Malaysian Airlines To De-list, Cut 30% Of Workforce

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A Malaysian Airlines 777 landing a LAX. Photo by Glen Beltz.
A Malaysian Airlines 777 landing a LAX. Photo by Glen Beltz.

Malaysian Airlines To Layoff 6,000 Workers

Whether yesterday’s bargain basement fares were a mistake or not, there is no doubt that Malaysian Airlines is in trouble. The ailing carrier was already losing a ton of money before this year’s tragedies and things have essentially spiraled out of control with many of their planes flying empty.

Reuters is reporting that Malaysian Airlines has announced a 30% reduction of their workforce of 20,000 workers.  In addition to laying off 6,000 workers, the company will be de-listed before the end of the year with the government taking 100% control.

Khazanah Nacional the state fund that owns the company, said it expects the airline to return to profitability in three years. During that period they plan to spend $1.9 billion on the complete overhaul and restructuring plan. The fund also stated that the new company will be “regionally focused with lower cost structure and greater emphasis on revenue yield management.”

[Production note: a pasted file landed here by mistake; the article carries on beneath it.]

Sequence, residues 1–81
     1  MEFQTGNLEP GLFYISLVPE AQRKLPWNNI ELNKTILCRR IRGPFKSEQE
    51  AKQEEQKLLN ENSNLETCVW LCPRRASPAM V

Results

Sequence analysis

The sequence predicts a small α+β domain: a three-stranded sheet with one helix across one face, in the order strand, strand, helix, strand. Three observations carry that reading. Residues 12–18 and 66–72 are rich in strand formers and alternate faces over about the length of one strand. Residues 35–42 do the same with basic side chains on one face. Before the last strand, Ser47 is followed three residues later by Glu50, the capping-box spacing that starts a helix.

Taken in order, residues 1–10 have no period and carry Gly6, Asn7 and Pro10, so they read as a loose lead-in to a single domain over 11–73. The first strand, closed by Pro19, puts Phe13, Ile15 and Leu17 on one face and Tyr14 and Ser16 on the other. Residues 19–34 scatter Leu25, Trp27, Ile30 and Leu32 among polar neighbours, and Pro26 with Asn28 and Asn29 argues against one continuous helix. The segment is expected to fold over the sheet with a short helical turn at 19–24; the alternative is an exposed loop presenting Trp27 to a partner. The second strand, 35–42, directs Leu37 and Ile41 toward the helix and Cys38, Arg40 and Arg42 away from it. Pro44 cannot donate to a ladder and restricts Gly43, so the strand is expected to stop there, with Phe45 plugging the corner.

My Opinion

Malaysia is one of the cheapest airfare markets and there is a ton of downward pressure on ticket prices there. Combine that with competition from Air Asia & Tiger Airways on the low end and Singapore Airlines on the high end and it is clear that they need to carve out a more efficient middle ground in the market.

As Americans this isn’t too much of a blow to us since Malaysian Airlines really doesn’t fly long hauls to the United States. While their short haul route network will be reduced as well, I am sure they will still fly the key Southeast Asia routes in order to keep Kuala Lumpur well connected.

Conclusion

We knew this restructuring plan was going to be announced sooner or later. A 30% reduction in workforce is a huge deal and the loss of 6,000 jobs will no doubt be difficult for the morale of the company’s workers. In the end, hopefully this restructuring will save the carrier, but who knows. Is it too little too late?


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